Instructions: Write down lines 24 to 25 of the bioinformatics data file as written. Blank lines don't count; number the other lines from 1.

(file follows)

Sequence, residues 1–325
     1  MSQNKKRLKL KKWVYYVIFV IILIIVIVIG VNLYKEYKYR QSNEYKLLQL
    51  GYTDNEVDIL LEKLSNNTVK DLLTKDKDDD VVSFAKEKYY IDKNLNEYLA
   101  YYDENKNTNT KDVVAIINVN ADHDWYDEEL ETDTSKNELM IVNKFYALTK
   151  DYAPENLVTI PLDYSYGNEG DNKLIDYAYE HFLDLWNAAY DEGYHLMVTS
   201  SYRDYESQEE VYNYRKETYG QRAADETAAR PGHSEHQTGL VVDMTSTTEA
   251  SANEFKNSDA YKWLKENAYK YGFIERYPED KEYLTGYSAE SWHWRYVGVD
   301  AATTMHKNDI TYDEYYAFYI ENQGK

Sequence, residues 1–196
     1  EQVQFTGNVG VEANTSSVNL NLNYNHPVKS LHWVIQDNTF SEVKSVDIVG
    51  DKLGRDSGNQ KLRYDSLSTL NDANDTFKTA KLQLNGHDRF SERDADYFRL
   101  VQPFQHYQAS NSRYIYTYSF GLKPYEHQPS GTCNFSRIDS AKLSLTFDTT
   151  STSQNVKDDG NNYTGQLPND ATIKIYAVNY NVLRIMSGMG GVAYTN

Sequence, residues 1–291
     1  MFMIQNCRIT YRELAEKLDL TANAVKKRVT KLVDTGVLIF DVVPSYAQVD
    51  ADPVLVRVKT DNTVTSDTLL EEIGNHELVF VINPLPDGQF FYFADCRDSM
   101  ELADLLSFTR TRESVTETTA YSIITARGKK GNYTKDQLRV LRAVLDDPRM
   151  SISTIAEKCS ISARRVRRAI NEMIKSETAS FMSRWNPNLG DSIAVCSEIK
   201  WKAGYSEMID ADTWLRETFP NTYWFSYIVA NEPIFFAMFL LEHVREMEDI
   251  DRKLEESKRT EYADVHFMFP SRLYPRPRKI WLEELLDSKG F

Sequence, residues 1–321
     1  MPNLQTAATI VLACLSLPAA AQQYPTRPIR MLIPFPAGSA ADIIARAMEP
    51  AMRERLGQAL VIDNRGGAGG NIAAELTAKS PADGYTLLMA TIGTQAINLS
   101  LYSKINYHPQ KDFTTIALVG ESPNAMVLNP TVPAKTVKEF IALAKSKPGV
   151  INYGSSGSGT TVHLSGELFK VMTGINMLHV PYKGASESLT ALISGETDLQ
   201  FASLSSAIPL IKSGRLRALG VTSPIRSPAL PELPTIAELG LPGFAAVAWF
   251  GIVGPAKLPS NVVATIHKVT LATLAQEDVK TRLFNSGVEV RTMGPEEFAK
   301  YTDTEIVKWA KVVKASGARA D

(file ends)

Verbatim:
   101  LYSKINYHPQ KDFTTIALVG ESPNAMVLNP TVPAKTVKEF IALAKSKPGV
   151  INYGSSGSGT TVHLSGELFK VMTGINMLHV PYKGASESLT ALISGETDLQ